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Power, Equity and Commitment in Exchange Networks

Karen S. Cook and Richard M. Emerson
American Sociological Review
Vol. 43, No. 5 (Oct., 1978), pp. 721-739
Stable URL: http://www.jstor.org/stable/2094546
Page Count: 19
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Power, Equity and Commitment in Exchange Networks
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Abstract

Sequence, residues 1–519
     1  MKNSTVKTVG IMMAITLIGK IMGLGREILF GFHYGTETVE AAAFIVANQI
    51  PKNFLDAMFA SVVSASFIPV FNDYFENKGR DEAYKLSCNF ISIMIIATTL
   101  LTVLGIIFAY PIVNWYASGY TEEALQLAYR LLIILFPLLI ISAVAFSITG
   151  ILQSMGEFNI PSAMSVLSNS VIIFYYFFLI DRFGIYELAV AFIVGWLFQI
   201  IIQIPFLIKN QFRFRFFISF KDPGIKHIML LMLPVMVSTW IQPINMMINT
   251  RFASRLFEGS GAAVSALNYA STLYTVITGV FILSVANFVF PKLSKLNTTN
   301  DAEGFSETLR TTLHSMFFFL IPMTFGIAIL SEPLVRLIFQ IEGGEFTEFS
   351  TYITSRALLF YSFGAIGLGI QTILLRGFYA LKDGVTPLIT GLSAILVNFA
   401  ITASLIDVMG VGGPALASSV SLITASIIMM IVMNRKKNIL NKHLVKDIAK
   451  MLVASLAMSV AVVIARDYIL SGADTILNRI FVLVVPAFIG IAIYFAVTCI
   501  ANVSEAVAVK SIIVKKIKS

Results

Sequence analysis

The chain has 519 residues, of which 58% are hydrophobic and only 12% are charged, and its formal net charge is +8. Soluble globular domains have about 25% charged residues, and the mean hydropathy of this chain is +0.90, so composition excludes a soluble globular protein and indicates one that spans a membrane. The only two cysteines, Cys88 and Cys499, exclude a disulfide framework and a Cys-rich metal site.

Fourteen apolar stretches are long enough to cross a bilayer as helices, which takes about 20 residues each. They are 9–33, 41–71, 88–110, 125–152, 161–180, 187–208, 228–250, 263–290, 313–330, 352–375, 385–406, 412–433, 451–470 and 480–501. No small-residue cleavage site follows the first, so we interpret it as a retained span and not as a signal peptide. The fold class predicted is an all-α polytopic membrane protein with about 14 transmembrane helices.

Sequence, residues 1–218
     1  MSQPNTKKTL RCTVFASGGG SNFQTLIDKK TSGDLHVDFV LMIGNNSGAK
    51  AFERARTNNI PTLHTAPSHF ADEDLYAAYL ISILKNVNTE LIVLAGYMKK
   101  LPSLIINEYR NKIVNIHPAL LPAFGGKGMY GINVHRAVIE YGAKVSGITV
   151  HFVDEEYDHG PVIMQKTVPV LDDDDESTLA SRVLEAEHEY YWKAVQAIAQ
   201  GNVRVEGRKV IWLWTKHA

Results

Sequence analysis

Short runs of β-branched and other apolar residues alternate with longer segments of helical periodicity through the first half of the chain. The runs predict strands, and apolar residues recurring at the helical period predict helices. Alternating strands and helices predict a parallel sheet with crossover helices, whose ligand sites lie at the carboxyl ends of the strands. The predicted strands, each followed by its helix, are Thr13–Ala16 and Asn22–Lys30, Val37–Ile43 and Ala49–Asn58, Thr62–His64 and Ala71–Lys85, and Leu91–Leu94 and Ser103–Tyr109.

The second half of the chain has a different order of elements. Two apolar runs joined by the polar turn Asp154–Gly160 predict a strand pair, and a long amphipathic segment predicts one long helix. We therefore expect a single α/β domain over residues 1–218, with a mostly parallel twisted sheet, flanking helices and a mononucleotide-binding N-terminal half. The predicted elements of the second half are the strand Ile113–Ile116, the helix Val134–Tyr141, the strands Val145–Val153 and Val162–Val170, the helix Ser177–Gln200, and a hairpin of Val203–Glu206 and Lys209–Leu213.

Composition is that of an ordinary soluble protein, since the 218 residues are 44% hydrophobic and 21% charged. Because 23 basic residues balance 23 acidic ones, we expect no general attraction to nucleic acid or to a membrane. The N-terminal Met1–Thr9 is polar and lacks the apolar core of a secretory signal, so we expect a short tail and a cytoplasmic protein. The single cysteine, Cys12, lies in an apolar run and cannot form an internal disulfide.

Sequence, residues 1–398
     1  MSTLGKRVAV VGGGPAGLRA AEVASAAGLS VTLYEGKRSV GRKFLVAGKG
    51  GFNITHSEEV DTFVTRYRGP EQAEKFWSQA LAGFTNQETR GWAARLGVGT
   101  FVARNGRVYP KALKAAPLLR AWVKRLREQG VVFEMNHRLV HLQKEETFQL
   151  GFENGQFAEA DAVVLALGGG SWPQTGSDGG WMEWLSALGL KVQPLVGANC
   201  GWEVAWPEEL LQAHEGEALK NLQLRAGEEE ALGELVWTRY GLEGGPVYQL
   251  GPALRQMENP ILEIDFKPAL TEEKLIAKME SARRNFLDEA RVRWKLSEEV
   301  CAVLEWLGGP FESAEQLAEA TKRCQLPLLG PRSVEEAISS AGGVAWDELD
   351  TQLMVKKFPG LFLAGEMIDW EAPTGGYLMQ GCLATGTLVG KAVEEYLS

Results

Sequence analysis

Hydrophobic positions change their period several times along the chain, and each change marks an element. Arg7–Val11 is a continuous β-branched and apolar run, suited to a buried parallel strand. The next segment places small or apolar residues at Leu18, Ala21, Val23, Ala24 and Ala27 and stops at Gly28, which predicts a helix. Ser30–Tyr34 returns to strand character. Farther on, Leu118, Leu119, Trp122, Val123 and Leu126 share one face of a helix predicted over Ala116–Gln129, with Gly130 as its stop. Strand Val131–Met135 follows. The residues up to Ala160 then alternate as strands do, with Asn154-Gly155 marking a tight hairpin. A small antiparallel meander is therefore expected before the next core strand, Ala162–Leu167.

Exchange theory has the virtue of bringing both power and equity together in a single analytic framework. However, exchange theory has focused largely upon analysis of the dyad, while power and justice are fundamentally social structural phenomena. First, we contrast economic with sociological analysis of dyadic exchange. We conclude that (a) power and equity from social exchange theory carry us beyond economic theory of dyadic exchange; yet (b) for power and equity to be studied effectively, analysis of systems larger than the dyad is needed. Second, we introduce exchange networks to extend power and equity analysis into more macroscopic n-person social structures. Third, a laboratory method is reported for controlled study of exchange networks as bargaining structures. Finally, we present findings which show that (a) power is an attribute of position in a network structure observable in the occupant's behavior, even though the occupant does not know what position or what amount of power s/he possesses; (b) equity or justice concerns constrain the use of that power; (c) emergent interpersonal commitments impede the use of power; and (d) when power is unequally distributed among actors in a network, females form stronger commitments to their exchange partners than do males. In conclusion, we discuss the importance of commitment in distinguishing between economic and social exchange theory.

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